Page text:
L'Equipe, the French sporting newspaper, described Romanian rugby as "la sixième force" in its report of the 1957 game and during the 1960s, when the Oaks defeated France 11-5 (in 1960), 3-0 (in 1962) and 15-14 (in 1968) there were regular calls for the Romanians to be admitted to a Six Nations tournament. (The French were Five Nations champions in 1960 and 1962 and won the Grand Slam in 1968).

Romania were always tough opponents in Bucharest as Eddie Butler's Welsh team found in 1983. Romania sent the full Wales team packing 24-6 and showed the result was no flash in the pan when they triumphed 15-9 against Jonathan Davies' Welsh side in Cardiff five years later.

The Oaks regularly vied with France for the FIRA Championship titles in the 1970s and 1980s, rattling up some very big wins against the lesser continental rugby nations. They have qualified for all six Rugby World Cup tournaments to date and will be in the same pool as England, Scotland, Argentina and Georgia in New Zealand this year.

All told Romania have fielded their national side just over 400 times including more than 350 full internationals. They have amassed nearly 8,000 points in these international fixtures at an average of just over 22 points a match - hardly unreasonable when you consider that, like most nations, the majority of their international matches have been played since the 1970s in the four-point and five-point try era.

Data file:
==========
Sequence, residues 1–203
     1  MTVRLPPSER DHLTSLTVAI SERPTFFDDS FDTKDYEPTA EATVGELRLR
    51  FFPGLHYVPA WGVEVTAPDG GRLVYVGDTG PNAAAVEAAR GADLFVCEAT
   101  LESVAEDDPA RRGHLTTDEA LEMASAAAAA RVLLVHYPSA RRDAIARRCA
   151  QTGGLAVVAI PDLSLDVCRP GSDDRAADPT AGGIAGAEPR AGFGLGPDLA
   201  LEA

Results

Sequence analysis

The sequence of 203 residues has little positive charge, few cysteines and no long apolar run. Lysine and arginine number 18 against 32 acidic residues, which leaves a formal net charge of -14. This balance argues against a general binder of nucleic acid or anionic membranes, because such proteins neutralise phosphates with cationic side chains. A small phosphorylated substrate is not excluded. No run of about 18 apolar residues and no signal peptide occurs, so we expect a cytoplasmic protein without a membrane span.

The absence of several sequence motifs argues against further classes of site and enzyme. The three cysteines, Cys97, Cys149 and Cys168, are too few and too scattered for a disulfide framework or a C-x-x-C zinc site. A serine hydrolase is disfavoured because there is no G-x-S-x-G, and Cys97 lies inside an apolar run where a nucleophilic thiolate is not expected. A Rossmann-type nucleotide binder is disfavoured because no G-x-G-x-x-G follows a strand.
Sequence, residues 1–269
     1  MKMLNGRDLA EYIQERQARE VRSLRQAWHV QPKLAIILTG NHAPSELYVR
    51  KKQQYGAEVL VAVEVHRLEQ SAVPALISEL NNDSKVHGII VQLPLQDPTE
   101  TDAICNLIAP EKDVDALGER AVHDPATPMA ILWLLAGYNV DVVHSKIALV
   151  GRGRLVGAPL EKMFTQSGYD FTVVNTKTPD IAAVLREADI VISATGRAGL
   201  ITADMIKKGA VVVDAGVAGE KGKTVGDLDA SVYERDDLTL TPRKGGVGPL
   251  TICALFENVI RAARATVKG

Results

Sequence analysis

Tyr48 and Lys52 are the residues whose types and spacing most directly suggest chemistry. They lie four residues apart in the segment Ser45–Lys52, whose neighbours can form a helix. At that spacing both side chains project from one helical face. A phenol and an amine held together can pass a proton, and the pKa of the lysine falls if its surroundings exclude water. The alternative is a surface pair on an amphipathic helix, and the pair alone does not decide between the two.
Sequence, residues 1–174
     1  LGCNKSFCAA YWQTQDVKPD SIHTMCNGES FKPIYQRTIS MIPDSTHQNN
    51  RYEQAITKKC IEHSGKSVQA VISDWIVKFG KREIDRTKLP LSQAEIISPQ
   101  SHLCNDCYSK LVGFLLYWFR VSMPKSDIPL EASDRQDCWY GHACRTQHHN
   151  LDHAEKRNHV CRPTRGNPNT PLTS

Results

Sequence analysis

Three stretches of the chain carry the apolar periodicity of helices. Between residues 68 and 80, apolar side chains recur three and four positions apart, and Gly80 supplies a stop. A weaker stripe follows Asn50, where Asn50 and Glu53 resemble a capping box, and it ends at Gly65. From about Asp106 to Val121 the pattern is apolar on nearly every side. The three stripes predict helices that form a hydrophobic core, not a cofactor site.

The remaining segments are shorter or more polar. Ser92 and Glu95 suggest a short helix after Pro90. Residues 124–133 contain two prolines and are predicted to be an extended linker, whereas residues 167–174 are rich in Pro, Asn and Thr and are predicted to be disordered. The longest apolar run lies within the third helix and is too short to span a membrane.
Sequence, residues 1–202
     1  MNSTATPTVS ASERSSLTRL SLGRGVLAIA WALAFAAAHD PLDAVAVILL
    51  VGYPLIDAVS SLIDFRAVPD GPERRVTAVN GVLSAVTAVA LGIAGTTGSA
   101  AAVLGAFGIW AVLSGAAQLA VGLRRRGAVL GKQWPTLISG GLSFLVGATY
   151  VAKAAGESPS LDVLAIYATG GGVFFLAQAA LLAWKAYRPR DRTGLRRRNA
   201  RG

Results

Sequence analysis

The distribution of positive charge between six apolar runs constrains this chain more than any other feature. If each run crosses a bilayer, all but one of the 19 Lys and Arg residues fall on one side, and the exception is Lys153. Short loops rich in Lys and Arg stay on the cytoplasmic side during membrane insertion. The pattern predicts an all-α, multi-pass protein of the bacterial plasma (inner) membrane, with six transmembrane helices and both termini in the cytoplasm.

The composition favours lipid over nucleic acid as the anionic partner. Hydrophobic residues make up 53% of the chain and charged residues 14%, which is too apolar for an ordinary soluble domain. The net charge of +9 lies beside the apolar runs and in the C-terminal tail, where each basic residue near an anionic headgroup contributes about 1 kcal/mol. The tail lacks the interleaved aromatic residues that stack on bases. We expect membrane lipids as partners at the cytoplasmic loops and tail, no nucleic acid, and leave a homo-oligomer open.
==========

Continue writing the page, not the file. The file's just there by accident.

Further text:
Romania's biggest Test win was 100-0 against Bulgaria in September 1976 and their biggest Test defeat was 134-0 against England at Twickenham in November 2001.

After Samoa's inaugural Test win over Australia, I have been looking at which Test teams have ever had wins over SA, NZ or Australia. Statsguru has been helpful but can you please confirm whether Test caps were awarded by either side in any of the following matches: Australia v NZ Maori (1922 - 1958); NZ v Rhodesia (1949); South Africa v NZ Cavaliers (1986). Paul Johns, New Zealand

There were 16 matches played between Australia and the Maori between 1922 and 1958. Rugby in Queensland ceased in the 1920s and only New South Wales played the game up to 1929. Even so, about 20 years ago the Australian Rugby Union accorded retrospective full Test status to the games played in the 1920s. The matches from 1931 to 1958 were always regarded as full Aussie Tests.

The summary of these games is as follows:

Australia v New Zealand Maori
Tests Played 16, Australia won 8, New Zealand Maori won 6, Drawn 2

1922
New Zealand Maori 25-22 (Sydney)
Australia 28-13 (Sydney)
New Zealand Maori 23-22 (Sydney)